Atlanta-based Kabbage, Inc., an online provider of working capital  for small businesses, has raised a $30 million in Series C financing. That brings the total the company, which provides capital advances to small businesses, to $56 million in equity.

The financing was led by Thomvest Ventures, the venture capital arm of Peter Thomson, Founder and Managing Director of Thomvest Ventures and a director of Thomson Reuters. All major existing investors, including UPS Strategic Enterprise Fund, Mohr Davidow Ventures, BlueRun Ventures, Warren Stephens and David Bonderman participated in the round.

In addition, Ron Conway’s SV Angel also recently invested in the company.  Kabbage has received a total of $56 million in equity to date.

Kabbage has a unique, patented funding platform that awards a “Kabbage score” determined from dozens of data sources to evaluate a businesses’ performance. Qualifying businesses can receive a capital advance in less than seven minutes.

“Kabbage has completely redefined small business finance in less than two years,” said Peter Thomson. “Its disruptive business model and technology platform is providing much needed working capital to small businesses quickly and efficiently, helping to drive the overall economy.”

Kabbage chairman Marc Gorlin spoke at last year’s Internet Summit in Raleigh and Kabbage has presented at TechMedia’s Southeast Venture Conference.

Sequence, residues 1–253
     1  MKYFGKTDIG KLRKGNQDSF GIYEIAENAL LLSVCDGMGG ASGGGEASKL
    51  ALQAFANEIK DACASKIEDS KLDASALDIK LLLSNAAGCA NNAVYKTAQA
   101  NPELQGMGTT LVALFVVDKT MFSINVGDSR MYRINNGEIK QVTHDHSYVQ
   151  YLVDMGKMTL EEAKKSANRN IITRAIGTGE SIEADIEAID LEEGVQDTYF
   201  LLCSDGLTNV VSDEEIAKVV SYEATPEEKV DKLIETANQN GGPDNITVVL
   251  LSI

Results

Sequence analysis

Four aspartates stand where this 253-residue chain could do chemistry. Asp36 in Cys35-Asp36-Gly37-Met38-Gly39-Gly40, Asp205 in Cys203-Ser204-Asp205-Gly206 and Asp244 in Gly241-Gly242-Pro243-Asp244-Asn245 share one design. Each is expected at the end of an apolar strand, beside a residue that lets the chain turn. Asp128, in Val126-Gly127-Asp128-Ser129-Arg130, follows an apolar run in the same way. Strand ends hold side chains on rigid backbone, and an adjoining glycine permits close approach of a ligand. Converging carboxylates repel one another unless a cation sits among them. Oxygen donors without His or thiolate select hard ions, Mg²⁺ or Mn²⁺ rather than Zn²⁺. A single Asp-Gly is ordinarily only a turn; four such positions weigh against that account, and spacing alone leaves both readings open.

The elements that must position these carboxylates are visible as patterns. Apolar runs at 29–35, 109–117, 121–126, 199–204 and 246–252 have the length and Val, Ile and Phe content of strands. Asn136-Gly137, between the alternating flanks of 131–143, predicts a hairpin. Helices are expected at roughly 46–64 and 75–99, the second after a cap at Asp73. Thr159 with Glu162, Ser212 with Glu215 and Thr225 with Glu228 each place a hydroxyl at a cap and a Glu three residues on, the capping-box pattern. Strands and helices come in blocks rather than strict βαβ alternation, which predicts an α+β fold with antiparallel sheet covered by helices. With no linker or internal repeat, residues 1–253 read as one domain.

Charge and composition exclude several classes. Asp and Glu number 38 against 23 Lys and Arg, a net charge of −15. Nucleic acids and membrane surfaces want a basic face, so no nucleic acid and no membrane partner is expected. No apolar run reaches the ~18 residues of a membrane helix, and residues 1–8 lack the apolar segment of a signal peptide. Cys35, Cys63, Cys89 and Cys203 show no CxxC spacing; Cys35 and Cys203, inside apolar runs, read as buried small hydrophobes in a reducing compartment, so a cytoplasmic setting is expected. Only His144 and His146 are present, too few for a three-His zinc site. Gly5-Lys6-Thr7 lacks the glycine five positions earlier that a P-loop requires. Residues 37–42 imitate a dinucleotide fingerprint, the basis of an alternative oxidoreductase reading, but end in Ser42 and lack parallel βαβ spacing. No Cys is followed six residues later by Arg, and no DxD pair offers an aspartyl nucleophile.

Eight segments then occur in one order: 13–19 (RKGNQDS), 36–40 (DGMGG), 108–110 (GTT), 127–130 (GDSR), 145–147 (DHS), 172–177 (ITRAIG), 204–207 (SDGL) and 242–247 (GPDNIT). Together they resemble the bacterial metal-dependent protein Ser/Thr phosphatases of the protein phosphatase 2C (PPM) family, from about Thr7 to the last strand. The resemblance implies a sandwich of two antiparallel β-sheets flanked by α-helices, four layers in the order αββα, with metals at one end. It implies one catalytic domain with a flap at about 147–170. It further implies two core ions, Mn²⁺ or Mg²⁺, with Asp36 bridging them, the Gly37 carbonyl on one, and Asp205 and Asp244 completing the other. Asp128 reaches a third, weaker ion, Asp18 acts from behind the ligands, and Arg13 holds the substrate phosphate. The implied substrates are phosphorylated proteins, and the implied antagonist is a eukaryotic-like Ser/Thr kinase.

“Entrepreneurs and small businesses are the backbone of this economy,” Kabbage Chairman Marc Gorlin tells the TechJournal. “That’s where most jobs are generated.”

Since launching its platform two years ago, Kabbage has grown rapidly and now fuels over $800 million in annual sales for its small business customers. Kabbage customers are very active, taking an average of 10 advances per year to help them grow.

The company has made about 30,000 cash advances to about 60,000 merchants.

“Our customers love us,” Gorlin says. Apple’s Net Promoter Score (a customer loyalty metric) is 74, ours is 75. We treat them like people.”

Its customers are generally doing well, too. After its customers take cash advances from Kabbage, they see their revenue go up by as much as 266 percent, Gorlin says.

He explains that Kabbage works quite differently from banks. “Historically, banks look at credit scores,” Gorlin notes. “We look at how long they have been selling on which marketplaces, how active they are on Facebook and Twitter, how they deal with customer service issues, how often they ship through UPS and other channels, and how engaged and on top of their business they are.”

In the future, Kabbage will expand into the offline world, looking for data on businesses that don’t necessarily sell on the web. It will also expand to the United Kingdom this year and is planning some hiring.

In the last four months, Kabbage has been awarded “the Most Innovative Company in Financial Services” from PYMNTS.com, “Top 100 Private Company in North America” by Red Herring and “Top 10 Innovators of the year” by Bank Technology News – adding to its numerous industry awards for innovation and disruption.

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